Kids under the age of 5 will stick just about anything up their noses. As a parent, your first panicked instinct is to try to dig it out. Next time, you’ll know better.
“Parents often use their fingers or tweezers to remove the object, which can end up pushing it further into the child’s nasal cavity,” says Joseph Campanelli, MD, ENT Surgeon at ZOOM+Care in Portland, OR. “The ‘kiss technique’ is a simple, effective, and less harmful maneuver to try first.”
Learn the 3-step technique.
In one key study, parents who executed the kiss technique had a 65% chance of successfully clearing their little one’s nose. Here’s how it’s done:
Step 1: Use your finger to close the nostril that doesn’t have the object stuck in it.
Step 2: Press your lips over your child’s mouth.
Step 3: Blow a quick blast of air into their mouth (think back to the last time you tried to shoot a spitball through a straw).
“The idea is to use air pressure to push the object from the back of the nose toward the front,” says Dr. Campanelli. “It’s very effective, provided your child is willing to sit through it.”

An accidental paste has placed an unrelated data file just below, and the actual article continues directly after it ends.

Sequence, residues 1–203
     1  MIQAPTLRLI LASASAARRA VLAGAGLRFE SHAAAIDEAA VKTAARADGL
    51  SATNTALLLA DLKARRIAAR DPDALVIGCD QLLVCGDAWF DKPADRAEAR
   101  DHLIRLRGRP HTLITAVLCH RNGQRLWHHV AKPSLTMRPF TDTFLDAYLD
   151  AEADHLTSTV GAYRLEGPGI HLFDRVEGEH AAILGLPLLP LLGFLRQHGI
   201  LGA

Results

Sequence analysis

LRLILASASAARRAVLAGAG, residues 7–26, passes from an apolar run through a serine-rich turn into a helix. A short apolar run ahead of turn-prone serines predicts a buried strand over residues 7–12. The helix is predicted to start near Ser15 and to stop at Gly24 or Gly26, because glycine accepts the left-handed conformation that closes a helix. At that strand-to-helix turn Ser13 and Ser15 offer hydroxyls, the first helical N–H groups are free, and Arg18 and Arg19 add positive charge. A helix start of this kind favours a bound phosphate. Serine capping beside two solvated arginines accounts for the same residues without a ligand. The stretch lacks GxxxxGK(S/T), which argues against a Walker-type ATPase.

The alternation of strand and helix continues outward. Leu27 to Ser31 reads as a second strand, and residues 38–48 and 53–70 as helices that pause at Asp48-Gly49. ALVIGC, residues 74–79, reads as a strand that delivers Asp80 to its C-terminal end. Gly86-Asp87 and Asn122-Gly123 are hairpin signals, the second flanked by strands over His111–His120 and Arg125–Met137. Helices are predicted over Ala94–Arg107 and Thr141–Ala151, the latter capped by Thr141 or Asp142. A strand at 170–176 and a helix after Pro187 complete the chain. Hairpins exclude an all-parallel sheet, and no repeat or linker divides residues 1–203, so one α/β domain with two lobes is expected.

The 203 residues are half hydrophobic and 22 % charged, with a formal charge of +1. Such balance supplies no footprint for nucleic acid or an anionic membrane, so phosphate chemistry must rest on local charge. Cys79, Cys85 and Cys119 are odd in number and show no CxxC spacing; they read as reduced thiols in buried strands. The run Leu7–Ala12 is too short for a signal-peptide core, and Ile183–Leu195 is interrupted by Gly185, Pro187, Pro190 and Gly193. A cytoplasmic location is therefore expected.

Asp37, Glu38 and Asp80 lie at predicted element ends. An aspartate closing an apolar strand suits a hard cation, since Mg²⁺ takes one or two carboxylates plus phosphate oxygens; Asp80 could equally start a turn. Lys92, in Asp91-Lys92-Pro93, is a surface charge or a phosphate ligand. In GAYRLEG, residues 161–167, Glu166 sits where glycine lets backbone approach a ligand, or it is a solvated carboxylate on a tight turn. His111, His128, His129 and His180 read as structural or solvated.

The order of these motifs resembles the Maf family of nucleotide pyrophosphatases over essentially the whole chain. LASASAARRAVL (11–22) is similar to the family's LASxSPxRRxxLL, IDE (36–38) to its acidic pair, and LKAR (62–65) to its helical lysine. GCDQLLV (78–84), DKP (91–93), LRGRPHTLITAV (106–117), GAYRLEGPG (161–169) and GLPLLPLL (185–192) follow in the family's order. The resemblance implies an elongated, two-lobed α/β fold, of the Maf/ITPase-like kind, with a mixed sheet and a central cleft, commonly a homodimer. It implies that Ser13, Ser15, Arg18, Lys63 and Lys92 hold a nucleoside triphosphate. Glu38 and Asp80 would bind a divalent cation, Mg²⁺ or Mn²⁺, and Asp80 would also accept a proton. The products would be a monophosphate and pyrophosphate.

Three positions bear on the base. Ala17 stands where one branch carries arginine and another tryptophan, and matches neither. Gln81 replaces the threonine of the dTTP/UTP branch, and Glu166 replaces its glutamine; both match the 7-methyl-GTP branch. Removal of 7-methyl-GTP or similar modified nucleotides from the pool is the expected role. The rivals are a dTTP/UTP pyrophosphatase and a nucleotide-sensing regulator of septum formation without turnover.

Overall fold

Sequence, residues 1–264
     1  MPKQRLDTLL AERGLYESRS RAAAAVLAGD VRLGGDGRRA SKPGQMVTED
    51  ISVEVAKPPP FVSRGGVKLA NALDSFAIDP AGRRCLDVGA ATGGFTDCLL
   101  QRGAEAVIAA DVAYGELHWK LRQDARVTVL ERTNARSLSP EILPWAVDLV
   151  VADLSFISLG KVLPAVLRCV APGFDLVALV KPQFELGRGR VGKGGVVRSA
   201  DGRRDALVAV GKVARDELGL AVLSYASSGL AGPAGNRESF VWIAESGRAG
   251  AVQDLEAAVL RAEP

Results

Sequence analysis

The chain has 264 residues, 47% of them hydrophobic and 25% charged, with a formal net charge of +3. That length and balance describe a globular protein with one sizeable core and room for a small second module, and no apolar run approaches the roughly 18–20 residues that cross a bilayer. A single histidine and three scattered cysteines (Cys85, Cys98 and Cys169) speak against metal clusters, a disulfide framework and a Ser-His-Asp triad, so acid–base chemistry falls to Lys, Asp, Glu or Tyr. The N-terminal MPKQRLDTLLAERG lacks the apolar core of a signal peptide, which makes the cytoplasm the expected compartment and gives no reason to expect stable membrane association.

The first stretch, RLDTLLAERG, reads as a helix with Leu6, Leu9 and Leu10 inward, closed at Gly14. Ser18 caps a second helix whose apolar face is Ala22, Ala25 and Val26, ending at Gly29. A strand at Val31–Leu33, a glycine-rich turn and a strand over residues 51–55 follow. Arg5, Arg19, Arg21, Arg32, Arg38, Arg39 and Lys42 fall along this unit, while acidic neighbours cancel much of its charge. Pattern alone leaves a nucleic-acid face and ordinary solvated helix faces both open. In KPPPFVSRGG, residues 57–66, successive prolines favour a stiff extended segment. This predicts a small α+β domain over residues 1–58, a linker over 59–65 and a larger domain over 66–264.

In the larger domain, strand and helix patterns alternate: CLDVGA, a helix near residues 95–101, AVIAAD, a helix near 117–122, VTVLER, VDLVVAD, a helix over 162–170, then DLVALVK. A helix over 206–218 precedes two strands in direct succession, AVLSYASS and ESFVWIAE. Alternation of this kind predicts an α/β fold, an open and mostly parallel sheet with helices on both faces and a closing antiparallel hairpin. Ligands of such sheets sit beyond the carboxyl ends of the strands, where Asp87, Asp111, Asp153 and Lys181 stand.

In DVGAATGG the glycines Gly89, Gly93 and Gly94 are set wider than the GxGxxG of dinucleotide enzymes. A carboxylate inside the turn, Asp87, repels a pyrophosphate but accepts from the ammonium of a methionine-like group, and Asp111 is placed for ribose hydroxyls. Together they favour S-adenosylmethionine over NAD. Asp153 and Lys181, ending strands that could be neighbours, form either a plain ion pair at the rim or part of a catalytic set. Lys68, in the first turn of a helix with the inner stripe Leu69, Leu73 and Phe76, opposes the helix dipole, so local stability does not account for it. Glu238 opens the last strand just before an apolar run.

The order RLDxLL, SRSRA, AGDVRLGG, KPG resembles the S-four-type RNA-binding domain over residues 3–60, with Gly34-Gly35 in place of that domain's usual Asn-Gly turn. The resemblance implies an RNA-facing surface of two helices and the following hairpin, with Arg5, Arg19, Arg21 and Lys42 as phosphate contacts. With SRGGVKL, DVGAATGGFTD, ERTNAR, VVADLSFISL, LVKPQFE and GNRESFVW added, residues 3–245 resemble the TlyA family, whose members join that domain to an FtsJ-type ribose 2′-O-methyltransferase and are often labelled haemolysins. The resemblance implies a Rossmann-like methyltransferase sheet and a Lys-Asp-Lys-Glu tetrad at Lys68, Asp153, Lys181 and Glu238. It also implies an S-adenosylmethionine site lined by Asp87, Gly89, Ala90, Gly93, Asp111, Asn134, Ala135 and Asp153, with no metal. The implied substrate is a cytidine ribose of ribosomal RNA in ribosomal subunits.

Perfect for beads, peas, and marbles.
Unlike the many other tools and techniques used to dislodge foreign objects from body cavities (according to the aforementioned study, they include a wax hook, old Eustachian tube catheter, Foley and Fogarty catheters, cupped forceps, hemostats, wire ear loops, and cyanoacrylate glue), very little can go wrong with a “kiss.”
“While it appears to work better with smooth, spherical objects like beads or peas compared to bulky ones like a crumpled bit of paper, it’s always worth trying before you take your child into the doctor,” says Dr. Campanelli. “If enough air pressure builds up behind the object… POP, out it goes.”
If it works on kids, should you try it on your adult friends and family members for fun? “Sure,” says Campanelli, “But the adult equivalent would simply be blowing your nose.”
Joseph Campanelli, MD, is a board-certified ENT Surgeon at ZOOM+Care in Portland, OR.
- Safely Get an Object Out of Your Kid's Nose - May 30, 2017